New community center for Lorette
The Prime Minister was in Lloret on Monday to announce funding for a new community center – including an arena, library, walking path and seniors’ center – for the growing south-east bedroom community.
The project echoes a 2016 promise by the previous NDP government to build the multiplex, which then-premier Greg Selinger said was contingent on the NDP being re-elected that year. . The Progressive Conservatives were elected instead.
However, the center will not have as many amenities as the multiplex promised by the NDP. There were plans for a daycare, but the rural municipality of Taché did not include the question in its 2019 application for infrastructure funding through a cost-sharing program between the feds and the province.
Almost seven years after the first promise, the difference now is that the Tory government is delivering on the plan, Stephenson said.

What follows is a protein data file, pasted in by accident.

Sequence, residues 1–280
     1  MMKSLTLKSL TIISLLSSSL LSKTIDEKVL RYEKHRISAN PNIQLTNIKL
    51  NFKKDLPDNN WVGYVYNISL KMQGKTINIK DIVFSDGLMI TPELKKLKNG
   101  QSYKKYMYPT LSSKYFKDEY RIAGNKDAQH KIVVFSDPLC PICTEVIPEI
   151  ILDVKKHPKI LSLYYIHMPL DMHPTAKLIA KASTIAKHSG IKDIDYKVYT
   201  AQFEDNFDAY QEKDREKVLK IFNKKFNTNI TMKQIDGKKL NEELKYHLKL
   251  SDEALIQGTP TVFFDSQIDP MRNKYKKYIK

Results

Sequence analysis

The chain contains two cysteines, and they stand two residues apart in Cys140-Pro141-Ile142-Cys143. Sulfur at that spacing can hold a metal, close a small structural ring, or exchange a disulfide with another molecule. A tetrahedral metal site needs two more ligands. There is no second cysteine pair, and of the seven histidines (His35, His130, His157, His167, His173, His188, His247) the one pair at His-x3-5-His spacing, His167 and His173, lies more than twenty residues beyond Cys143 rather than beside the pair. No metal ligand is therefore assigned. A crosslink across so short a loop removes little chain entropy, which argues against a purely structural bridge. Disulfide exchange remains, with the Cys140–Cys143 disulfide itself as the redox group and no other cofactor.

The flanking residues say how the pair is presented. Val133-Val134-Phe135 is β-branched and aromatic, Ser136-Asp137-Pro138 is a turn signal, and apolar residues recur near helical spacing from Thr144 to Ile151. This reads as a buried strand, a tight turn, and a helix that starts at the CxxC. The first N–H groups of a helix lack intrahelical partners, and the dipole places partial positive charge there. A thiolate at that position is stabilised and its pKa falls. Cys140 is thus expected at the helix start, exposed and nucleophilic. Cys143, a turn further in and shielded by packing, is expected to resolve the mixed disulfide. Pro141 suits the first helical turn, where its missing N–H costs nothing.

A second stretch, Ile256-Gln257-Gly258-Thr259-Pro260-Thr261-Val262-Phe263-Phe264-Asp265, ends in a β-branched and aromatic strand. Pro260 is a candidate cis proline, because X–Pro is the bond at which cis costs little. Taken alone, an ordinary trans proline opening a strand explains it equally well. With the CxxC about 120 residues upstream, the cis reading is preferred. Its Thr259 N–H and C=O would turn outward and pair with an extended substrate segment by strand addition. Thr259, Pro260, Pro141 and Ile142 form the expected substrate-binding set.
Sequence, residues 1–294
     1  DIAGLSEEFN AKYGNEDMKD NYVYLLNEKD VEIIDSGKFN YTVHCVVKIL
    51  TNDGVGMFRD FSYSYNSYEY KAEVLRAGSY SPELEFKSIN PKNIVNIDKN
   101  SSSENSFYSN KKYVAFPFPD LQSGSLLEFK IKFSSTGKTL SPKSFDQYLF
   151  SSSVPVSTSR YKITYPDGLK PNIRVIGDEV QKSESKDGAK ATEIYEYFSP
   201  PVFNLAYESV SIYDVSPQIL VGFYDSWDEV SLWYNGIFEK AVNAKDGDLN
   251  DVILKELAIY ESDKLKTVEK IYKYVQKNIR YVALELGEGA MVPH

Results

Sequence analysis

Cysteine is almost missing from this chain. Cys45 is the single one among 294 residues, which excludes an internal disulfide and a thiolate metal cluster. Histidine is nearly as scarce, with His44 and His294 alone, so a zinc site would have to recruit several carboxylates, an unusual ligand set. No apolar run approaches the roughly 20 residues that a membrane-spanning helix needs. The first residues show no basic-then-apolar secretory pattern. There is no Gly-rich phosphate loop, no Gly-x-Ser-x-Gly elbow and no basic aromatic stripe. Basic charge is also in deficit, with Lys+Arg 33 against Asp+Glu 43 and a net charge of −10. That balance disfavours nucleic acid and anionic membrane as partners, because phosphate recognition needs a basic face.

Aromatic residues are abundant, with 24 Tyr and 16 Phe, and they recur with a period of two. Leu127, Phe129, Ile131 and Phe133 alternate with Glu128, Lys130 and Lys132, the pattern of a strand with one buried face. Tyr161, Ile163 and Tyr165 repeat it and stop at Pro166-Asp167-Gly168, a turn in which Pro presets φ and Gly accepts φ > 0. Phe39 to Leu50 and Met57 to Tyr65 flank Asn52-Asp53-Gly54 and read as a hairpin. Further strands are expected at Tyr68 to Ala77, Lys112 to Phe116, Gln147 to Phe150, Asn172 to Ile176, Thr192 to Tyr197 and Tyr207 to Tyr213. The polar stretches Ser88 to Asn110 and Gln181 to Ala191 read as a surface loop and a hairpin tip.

The updated community center will receive $4.4 million from the federal government and $3.6 million from the province.
RM of Taché Mayor Armand Poirier said the municipal council must still meet to determine the final costs. He told the CBC the price could reach $20 million given the rising cost of construction.
The municipality said the facility is still expected to go out to tender before the summer.
Once completed, the community’s existing arena will be closed because its lifespan has exceeded its expected lifespan, the province said.